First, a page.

Genetically Engineered Organisms, Wildlife, and Habitat: A Workshop Summary (2008)Board on Agriculture and Natural Resources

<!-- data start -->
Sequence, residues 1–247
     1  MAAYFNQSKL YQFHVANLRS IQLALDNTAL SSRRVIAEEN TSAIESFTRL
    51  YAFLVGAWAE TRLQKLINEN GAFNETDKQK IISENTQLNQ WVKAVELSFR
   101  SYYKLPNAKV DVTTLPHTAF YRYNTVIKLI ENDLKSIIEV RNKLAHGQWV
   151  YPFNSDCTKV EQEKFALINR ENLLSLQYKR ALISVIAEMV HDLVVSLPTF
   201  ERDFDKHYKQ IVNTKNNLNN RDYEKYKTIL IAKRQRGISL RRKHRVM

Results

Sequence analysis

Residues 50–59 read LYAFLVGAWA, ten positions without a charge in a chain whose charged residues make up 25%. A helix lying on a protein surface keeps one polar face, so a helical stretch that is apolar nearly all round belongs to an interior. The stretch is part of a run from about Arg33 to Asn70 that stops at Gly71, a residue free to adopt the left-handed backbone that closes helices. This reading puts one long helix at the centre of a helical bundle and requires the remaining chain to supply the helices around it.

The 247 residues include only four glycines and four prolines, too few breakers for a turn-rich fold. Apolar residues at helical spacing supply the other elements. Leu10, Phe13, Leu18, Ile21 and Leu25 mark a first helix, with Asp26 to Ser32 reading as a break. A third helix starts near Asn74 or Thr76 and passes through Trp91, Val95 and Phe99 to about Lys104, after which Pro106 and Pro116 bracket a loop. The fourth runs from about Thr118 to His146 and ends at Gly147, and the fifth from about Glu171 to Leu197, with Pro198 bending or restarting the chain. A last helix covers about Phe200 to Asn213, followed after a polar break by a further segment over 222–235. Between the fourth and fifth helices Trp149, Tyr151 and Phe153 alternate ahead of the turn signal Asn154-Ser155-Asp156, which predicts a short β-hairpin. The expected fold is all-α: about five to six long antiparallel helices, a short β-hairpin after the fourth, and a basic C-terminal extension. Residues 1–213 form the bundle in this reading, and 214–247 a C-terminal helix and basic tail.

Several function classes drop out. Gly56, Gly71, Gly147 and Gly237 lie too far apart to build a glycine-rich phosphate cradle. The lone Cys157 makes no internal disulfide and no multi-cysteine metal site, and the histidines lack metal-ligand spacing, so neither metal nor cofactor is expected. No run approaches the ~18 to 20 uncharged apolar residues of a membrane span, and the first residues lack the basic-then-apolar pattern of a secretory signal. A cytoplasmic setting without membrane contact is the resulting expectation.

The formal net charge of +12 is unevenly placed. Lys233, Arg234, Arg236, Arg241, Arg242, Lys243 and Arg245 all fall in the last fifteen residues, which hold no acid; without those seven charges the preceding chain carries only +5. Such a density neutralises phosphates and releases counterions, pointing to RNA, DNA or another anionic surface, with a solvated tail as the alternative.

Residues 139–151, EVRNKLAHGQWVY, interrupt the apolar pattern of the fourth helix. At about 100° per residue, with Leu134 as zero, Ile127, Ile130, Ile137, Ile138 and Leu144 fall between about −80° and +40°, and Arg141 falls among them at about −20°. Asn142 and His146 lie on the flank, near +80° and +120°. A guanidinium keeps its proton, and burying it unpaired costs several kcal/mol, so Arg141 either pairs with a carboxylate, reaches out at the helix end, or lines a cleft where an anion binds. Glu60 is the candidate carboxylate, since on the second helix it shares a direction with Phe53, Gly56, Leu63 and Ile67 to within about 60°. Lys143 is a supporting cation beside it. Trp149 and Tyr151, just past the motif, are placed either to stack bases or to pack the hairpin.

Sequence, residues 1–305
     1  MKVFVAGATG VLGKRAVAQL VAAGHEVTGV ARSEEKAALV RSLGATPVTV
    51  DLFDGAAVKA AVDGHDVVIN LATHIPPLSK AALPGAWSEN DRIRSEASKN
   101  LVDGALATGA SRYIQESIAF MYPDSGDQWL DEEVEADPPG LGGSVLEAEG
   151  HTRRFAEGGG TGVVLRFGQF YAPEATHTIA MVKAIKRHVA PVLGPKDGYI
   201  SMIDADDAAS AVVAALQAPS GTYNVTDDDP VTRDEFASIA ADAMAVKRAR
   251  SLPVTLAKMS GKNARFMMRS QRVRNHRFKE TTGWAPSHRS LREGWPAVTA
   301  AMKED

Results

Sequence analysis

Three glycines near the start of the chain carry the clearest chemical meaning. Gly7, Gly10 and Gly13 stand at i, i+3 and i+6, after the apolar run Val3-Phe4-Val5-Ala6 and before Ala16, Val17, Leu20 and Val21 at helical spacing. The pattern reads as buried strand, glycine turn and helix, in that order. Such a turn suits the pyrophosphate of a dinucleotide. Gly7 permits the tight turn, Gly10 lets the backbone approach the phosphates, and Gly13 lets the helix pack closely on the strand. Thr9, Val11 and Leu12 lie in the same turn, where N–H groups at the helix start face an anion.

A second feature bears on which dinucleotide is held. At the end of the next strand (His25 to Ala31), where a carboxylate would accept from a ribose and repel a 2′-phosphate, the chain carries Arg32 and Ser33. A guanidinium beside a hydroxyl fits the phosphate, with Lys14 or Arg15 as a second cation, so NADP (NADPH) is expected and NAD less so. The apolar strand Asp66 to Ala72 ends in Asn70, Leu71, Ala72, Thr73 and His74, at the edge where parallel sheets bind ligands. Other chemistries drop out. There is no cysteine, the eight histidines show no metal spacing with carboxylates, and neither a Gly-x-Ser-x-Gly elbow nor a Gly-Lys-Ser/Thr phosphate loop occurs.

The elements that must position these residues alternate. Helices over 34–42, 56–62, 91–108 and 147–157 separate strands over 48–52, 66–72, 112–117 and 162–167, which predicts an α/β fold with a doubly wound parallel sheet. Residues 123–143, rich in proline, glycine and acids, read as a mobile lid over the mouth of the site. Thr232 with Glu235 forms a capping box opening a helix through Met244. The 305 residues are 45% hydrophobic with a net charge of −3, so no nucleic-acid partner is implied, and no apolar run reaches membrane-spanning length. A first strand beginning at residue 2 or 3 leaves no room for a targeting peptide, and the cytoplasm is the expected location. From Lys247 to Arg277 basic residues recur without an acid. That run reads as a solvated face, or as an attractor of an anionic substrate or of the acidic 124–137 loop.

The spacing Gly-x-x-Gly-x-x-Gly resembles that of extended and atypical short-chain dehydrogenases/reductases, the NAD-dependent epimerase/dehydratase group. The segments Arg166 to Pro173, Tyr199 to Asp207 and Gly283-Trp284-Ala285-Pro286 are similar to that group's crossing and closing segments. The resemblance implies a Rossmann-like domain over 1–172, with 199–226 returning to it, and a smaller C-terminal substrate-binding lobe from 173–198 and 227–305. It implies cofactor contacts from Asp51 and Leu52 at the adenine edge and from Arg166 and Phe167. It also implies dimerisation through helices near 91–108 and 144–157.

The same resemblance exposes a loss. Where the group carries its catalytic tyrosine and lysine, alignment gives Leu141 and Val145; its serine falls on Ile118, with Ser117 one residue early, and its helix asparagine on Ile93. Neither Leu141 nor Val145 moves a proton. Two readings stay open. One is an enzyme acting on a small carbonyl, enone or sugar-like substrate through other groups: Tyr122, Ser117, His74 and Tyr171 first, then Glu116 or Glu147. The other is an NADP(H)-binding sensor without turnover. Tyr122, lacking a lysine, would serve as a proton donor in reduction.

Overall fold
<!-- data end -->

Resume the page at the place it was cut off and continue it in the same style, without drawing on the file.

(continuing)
Research is needed to help us to better understand the interactions of genetically engineered organisms (GEOs)--organisms whose genetic material has been modified to produce desirable traits--with their surrounding ecosystems. Today, most GEOs are crops that contain one or two gene traits that improve weed and insect control. However, research and testing are underway in a large variety of plants, microorganisms, and animals to introduce a much broader range of traits with potential benefits to farmers, consumers, and other users. The diversity of traits suggests that future GEOs may interact with the environment in different ways than current GEOs. A quandary for researchers is that possible interactions are best studied in natural settings, but current regulations prohibit the release of many experimental GEOs until their likely impact can be established. Therefore, alternate research approaches are needed. This workshop summarizes discussions on the kind of research that can help to understand possible GEO-ecosystem interactions. The workshop was requested by U.S. Geological Survey, which, though not a regulatory agency, advises the National Park Service, the Bureau of Land Management, and other agencies responsible for taking care of federal lands.